Today, we pick up on the third installment of our exploration of the Honey Bee Health Coalition’s programs as we talk with Pete Berthelsen. Pete runs the Bee and Butterfly Habitat Fund, a non-profit organization working to improve the habitat for all bees and butterflies, anywhere people can make it happen. They have projects in 12 states and are l…
 
Right now, you have to make some decisions about how to overwinter your colonies. If you live in the deep south, there probably isn’t much to think about. But if you live north of warm winter weather, there’s a lot that has to be done. One of these tasks is what to do with a couple of small, weak colonies, because they are just not big enough to ma…
 
Do you love to travel but worry that it's hard on the planet? Today I'm talking to Holly Tuppen, a responsible travel expert who has specialized in sustainable travel since circumnavigating the world without flying in 2010. She talks about bicycling across the US, working as part of the crew on a sailboat, and traveling on a container ship, among o…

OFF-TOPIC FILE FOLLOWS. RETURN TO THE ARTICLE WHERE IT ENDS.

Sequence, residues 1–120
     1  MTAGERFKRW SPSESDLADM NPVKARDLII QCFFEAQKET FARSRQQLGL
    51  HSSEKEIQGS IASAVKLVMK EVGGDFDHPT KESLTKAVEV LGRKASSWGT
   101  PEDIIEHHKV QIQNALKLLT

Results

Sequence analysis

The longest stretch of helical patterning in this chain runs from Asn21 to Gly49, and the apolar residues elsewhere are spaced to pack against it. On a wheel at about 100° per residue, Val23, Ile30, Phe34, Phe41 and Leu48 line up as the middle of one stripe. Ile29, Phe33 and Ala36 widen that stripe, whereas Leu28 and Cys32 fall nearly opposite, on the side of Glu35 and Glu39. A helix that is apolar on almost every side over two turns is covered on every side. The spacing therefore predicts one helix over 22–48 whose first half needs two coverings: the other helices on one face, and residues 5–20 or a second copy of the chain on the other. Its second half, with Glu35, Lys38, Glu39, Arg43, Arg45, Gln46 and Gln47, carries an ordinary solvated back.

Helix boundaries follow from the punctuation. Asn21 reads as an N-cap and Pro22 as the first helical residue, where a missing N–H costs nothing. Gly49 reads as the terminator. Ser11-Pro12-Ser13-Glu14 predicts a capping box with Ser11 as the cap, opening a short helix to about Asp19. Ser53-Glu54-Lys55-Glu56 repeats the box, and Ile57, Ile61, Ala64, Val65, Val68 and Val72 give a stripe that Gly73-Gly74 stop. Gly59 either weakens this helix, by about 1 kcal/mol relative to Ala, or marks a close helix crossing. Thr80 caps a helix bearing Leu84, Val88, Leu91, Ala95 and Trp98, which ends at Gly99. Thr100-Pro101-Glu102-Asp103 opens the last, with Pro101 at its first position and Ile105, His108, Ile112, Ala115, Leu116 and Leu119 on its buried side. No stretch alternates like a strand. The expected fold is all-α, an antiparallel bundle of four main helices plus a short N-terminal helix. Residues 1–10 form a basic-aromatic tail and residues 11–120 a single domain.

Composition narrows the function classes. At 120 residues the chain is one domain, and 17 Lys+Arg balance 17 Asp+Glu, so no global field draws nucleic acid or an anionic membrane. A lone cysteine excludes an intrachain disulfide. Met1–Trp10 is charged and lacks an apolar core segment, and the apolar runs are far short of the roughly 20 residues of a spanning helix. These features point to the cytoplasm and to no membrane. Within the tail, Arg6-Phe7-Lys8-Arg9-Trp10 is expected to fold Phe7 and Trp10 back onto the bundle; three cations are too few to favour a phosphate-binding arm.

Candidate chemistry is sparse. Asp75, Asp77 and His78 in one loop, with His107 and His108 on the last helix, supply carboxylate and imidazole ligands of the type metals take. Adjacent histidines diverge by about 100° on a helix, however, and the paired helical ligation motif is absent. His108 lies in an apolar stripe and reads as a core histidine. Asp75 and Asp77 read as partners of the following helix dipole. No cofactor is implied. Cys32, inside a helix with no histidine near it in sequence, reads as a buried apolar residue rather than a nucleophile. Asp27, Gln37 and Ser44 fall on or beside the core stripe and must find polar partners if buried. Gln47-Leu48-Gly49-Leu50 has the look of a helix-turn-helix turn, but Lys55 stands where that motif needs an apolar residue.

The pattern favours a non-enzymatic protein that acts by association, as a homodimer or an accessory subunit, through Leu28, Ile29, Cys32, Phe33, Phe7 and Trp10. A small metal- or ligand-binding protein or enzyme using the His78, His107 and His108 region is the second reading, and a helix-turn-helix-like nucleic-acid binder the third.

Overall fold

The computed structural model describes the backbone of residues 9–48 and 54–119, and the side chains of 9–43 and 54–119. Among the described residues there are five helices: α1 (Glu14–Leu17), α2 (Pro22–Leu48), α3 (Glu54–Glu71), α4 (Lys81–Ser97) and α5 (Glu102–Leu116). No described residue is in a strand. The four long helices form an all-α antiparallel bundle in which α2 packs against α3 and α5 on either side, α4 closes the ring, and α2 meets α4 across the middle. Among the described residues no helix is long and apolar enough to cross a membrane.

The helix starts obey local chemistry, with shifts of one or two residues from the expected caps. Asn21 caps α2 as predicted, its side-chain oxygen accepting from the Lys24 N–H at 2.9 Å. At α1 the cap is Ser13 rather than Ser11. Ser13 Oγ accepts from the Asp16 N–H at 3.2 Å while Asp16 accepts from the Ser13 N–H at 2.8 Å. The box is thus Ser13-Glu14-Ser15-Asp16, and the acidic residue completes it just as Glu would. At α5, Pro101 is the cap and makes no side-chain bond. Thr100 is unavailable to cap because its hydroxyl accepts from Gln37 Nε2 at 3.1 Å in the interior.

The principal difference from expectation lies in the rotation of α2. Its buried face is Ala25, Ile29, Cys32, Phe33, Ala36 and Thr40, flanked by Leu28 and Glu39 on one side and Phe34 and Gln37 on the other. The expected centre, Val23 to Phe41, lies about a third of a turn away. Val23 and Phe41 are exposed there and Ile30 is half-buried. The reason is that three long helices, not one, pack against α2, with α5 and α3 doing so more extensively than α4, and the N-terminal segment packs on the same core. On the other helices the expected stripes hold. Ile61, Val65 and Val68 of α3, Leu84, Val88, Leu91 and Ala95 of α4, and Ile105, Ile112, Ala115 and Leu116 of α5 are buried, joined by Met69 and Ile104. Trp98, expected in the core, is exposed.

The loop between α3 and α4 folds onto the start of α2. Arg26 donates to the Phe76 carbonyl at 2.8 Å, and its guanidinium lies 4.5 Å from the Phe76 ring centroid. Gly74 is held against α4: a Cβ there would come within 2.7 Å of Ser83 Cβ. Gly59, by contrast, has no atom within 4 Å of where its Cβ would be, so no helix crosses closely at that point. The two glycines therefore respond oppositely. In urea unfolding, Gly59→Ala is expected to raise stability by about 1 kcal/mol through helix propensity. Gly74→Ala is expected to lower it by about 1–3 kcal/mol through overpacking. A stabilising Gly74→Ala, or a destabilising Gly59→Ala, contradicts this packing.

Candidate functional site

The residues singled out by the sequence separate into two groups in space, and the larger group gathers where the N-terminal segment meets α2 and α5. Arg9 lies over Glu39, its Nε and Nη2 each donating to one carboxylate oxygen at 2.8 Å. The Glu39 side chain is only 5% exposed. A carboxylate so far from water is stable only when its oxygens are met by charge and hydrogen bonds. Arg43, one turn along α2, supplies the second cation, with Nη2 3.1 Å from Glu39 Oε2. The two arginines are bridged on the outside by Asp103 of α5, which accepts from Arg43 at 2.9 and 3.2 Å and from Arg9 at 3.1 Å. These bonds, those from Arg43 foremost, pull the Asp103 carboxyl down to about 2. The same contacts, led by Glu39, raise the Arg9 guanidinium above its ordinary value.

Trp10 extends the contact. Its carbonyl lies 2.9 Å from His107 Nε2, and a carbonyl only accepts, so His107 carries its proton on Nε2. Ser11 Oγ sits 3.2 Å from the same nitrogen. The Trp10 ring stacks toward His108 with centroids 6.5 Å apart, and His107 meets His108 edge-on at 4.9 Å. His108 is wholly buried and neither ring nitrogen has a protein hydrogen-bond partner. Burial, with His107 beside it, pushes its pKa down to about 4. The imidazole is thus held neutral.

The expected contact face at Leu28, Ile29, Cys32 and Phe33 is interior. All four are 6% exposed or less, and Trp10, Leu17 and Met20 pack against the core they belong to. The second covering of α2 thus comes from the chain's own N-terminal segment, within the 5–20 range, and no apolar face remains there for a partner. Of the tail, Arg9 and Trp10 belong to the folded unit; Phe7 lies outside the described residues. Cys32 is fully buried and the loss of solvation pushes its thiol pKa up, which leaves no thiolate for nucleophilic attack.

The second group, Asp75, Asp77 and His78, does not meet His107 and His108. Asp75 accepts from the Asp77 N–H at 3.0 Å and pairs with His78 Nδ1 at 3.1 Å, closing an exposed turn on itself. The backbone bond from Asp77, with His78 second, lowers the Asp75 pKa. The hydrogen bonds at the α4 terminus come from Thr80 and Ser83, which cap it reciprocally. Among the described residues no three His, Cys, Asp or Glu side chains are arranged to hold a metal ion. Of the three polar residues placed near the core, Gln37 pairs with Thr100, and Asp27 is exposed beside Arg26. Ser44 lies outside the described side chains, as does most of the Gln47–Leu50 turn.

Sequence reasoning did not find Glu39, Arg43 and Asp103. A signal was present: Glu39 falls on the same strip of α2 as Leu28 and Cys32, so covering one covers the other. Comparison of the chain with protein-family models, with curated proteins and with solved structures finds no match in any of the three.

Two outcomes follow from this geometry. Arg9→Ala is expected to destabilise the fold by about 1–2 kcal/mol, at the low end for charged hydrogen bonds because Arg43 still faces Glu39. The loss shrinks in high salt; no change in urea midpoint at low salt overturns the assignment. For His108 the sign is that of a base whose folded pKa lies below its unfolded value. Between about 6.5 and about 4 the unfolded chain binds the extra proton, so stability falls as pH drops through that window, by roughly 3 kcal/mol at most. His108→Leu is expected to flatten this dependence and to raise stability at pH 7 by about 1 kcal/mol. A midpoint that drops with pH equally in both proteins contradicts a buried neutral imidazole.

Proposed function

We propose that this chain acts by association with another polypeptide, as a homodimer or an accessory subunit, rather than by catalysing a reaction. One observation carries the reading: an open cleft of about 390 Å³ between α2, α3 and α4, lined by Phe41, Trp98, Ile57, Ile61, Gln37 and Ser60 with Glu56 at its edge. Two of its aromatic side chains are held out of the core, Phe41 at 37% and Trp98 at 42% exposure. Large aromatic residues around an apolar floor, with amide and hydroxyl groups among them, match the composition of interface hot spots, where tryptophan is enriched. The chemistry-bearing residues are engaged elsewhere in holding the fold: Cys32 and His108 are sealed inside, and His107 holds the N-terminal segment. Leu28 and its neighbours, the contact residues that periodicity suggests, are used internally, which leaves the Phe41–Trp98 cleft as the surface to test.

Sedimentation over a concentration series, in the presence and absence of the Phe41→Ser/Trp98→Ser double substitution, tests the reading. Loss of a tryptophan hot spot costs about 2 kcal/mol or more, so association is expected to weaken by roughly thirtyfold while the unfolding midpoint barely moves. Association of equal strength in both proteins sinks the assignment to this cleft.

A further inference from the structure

If you like things that are free and natural, then compost checks both boxes when it comes to fertilizing your garden and even your houseplants. In this episode, I'm talking to Michelle Balz about her book, No Waste Composting: Small-Space Waste Recycling Indoors and Out. We discuss free and inexpensive ways that you can turn your waste into black …
 
If you are intimidated by gardening because it seems like too much work or you don't want to invest in a tiller, then you should check out no-dig gardening. In Charlie Nardozzi's newest book, The Complete Guide to No-Dig Gardening, he covers everything you need to know to be successful with your garden. But why not dig? In today's episode, Charlie …